NSFW: Cheesecake nudity! Everyone loves it, but your boss might not. Note: This nude publicity photo of Diana Dors by photographer Horace Roye was originally posted on my personal blog technoknob back in 2011, when Blogger insisted that if we were going to post naughty, naughty things, like a partial view of a hinder and the side of a woman’s breast, that we had to have a Content Warning. So this was my content warning.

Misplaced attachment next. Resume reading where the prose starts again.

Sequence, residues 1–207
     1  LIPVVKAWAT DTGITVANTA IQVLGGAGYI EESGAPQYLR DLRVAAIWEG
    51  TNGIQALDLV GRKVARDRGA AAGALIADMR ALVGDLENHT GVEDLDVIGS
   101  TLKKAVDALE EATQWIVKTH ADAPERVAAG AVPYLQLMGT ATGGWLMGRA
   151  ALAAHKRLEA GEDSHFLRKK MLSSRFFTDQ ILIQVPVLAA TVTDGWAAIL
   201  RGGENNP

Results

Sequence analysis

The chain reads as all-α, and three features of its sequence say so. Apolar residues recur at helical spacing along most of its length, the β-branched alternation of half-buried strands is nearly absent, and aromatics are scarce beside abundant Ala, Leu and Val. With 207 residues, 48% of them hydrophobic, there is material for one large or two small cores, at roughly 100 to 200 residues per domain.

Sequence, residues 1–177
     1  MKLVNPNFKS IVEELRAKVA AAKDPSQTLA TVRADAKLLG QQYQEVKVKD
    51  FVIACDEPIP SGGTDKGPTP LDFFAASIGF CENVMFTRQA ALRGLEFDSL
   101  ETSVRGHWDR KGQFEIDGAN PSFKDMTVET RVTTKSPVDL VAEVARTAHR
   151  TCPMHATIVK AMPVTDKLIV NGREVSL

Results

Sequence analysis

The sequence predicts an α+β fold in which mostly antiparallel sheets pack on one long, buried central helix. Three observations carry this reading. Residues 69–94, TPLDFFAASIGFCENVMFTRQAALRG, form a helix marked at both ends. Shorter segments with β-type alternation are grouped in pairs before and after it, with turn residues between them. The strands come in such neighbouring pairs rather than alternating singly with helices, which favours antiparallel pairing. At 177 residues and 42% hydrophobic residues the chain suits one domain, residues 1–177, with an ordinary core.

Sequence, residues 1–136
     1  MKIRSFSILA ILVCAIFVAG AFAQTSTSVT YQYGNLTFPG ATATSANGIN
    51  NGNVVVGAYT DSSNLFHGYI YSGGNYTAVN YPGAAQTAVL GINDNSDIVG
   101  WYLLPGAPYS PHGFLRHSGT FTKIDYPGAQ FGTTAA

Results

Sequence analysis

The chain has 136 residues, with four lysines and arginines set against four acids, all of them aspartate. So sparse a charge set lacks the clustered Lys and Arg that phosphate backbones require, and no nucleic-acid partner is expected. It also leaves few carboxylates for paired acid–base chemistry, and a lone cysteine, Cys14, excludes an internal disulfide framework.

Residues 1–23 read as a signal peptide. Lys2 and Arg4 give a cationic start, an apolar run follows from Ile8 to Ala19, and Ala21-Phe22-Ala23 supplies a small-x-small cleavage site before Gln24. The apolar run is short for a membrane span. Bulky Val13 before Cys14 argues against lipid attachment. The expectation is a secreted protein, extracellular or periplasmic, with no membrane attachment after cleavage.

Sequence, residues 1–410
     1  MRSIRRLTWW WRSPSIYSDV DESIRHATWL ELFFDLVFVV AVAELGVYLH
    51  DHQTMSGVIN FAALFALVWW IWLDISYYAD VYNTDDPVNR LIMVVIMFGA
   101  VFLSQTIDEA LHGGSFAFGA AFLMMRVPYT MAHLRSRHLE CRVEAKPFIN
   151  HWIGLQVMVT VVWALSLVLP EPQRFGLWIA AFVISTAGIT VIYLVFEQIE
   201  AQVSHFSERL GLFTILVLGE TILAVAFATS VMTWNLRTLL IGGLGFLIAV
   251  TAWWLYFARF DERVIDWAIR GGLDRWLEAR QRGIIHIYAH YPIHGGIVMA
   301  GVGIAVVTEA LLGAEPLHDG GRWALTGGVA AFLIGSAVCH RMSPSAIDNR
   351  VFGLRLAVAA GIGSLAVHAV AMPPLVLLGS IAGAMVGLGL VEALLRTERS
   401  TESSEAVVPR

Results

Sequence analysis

The last group. Some are still assuredly missing from my list, but many of these actors and actresses are in modern movies that I’ll probably never get around to blogging about, so this was a fun way to give them a little SBBN-approved love. Stewart Granger Timothy Carey Kathryn Grayson Richard Jeni Austin Pendleton The 1967 revival of “The Little Foxes,” with Anne Bancroft, George C. Scott, E.G. Marshall, and Austin Pendleton.
Now with actresses and even a director! Everett Sloane Harvey Korman Jesse Royce Landis John Cassavettes Maria Bello Mischa Auer Pam Grier